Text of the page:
Absolute lymphocyte count: A predictor of recurrent cytomegalovirus disease in solid organ transplant recipients

Bradley J. Gardiner, Natalie E. Nierenberg, Jennifer K. Chow, Robin Ruthazer, David M. Kent, David R. Snydman

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Background Recurrent cytomegalovirus (CMV) disease in solid organ transplant recipients frequently occurs despite effective antiviral therapy. We previously demonstrated that patients with lymphopenia before liver transplantation are more likely to develop posttransplant infectious complications including CMV. The aim of this study was to explore absolute lymphocyte count (ALC) as a predictor of relapse following treatment for CMV disease. Methods We performed a retrospective cohort study of heart, liver, and kidney transplant recipients treated for an episode of CMV disease. Our primary outcome was time to relapse of CMV within 6 months. Data on potential predictors of relapse including ALC were collected at the time of CMV treatment completion. Univariate and multivariate hazard ratios (HRs) were calculated with a Cox model. Multiple imputation was used to complete the data. Results Relapse occurred in 33 of 170 participants (19.4%). Mean ALC in relapse-free patients was 1.08 ± 0.69 vs 0.73 ± 0.42 × 10 3 cells/μL in those who relapsed, corresponding to an unadjusted hazard ratio of 1.11 (95% confidence interval, 1.03-1.21; P =.009, n = 133) for every decrease of 100 cells/μL. After adjusting for potential confounders, the association between ALC and relapse remained significant (HR, 1.11 [1.03-1.20]; P =.009). Conclusions Low ALC at the time of CMV treatment completion was a strong independent predictor for recurrent CMV disease. This finding is biologically plausible given the known importance of T-cell immunity in maintaining CMV latency. Future studies should consider this inexpensive, readily available marker of host immunity.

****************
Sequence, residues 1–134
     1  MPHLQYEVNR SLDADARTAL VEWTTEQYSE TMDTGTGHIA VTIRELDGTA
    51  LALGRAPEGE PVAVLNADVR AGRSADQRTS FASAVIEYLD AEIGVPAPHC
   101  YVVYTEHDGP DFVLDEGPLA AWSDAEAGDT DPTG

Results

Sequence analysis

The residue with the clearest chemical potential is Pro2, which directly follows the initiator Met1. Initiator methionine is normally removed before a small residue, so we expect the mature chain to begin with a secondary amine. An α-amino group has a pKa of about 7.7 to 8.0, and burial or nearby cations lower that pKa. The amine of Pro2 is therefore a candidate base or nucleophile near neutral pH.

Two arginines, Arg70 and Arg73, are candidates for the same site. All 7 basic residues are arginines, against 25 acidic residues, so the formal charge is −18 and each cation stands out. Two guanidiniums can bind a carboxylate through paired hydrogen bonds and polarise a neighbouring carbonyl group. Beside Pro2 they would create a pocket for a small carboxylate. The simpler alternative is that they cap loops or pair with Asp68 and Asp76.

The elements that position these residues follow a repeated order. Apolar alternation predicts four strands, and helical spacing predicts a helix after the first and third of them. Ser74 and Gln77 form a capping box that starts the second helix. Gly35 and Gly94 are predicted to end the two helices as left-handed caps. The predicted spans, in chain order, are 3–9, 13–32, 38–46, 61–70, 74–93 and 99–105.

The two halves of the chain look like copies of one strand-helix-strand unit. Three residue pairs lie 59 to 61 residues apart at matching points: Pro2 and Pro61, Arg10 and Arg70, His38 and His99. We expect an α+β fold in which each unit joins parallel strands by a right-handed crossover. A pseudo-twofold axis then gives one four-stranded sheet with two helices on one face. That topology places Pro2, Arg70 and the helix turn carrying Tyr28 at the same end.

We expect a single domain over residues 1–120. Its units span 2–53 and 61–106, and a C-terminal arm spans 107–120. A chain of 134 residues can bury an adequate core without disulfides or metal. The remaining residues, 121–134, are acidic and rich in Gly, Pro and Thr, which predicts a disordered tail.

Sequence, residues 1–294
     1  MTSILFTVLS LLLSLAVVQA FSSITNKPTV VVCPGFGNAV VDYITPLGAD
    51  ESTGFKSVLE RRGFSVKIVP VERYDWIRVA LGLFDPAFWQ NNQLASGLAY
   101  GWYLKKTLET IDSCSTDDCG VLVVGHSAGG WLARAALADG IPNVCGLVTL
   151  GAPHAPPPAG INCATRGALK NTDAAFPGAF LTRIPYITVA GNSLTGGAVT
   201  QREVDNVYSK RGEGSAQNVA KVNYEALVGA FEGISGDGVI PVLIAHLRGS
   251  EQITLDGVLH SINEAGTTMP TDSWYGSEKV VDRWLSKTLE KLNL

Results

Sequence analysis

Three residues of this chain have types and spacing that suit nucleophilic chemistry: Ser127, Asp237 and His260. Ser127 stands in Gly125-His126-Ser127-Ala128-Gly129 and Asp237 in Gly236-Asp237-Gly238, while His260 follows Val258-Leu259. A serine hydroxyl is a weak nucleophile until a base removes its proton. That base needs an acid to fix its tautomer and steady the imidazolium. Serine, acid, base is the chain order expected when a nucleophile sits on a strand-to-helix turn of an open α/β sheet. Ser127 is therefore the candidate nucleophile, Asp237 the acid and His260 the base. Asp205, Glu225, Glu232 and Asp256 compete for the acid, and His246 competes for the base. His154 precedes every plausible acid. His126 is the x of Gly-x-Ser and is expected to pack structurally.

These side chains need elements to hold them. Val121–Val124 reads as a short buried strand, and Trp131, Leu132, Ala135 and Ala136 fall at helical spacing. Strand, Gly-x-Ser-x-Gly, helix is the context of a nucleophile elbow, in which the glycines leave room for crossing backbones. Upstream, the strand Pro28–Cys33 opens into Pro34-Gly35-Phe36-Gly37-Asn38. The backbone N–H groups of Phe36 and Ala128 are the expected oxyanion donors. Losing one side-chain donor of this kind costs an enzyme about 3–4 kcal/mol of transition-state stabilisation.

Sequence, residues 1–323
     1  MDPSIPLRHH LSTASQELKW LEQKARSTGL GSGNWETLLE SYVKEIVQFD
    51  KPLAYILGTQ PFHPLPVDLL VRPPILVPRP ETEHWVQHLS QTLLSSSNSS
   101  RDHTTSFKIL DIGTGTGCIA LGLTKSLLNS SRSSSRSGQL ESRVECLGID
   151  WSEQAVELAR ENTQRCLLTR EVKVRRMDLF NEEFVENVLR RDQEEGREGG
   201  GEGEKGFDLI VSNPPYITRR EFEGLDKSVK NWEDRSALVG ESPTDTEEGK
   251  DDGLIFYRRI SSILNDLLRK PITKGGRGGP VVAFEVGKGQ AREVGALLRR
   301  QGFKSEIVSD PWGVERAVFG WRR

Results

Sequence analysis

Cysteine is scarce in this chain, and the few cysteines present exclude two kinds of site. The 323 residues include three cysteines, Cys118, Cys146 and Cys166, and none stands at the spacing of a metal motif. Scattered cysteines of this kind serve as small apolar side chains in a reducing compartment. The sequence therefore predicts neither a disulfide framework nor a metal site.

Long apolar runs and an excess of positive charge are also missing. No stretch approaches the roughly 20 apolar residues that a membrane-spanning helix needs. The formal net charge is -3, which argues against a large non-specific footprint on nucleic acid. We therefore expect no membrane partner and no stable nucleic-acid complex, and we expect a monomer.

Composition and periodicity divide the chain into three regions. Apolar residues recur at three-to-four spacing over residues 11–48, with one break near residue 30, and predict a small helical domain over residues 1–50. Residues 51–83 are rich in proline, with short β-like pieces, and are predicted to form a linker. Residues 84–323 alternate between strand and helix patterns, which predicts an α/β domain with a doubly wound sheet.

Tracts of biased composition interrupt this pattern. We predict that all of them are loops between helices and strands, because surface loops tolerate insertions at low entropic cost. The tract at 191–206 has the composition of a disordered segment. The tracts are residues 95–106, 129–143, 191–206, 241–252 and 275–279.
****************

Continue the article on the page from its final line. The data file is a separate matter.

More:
Original languageEnglish
Pages (from-to)1395-1402
Number of pages8
JournalClinical Infectious Diseases
Issue number9
Publication statusPublished - 1 Nov 2018


  • lymphocyte count
  • lymphopenia
  • recurrent cytomegalovirus disease
  • transplant

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